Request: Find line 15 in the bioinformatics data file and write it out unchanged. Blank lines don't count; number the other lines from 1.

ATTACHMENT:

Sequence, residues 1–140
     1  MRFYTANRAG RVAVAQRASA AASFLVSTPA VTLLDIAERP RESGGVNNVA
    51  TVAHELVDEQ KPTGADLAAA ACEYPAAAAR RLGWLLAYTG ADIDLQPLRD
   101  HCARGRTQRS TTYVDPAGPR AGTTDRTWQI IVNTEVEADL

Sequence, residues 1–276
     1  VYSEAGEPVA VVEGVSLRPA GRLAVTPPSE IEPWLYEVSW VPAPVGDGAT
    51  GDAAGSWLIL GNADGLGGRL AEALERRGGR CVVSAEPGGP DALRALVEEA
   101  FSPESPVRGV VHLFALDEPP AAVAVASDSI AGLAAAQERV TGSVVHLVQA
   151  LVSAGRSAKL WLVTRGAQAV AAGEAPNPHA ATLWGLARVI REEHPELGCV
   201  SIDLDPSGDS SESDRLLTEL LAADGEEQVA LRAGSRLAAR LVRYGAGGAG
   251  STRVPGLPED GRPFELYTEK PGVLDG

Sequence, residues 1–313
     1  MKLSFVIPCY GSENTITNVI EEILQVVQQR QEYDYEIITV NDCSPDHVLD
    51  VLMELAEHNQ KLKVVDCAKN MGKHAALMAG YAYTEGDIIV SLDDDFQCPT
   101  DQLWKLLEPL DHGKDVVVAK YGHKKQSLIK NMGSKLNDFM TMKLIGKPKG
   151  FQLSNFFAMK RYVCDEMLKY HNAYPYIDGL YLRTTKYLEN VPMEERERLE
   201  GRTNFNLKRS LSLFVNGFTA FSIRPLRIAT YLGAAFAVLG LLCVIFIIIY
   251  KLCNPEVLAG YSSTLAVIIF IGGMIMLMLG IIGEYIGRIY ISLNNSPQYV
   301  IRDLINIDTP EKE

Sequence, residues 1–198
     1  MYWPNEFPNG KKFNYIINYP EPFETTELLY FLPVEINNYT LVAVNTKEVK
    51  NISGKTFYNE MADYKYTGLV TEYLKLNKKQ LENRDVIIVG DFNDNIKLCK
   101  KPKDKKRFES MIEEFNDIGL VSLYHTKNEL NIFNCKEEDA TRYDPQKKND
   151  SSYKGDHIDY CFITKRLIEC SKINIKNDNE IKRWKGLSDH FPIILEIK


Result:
   101  DQLWKLLEPL DHGKDVVVAK YGHKKQSLIK NMGSKLNDFM TMKLIGKPKG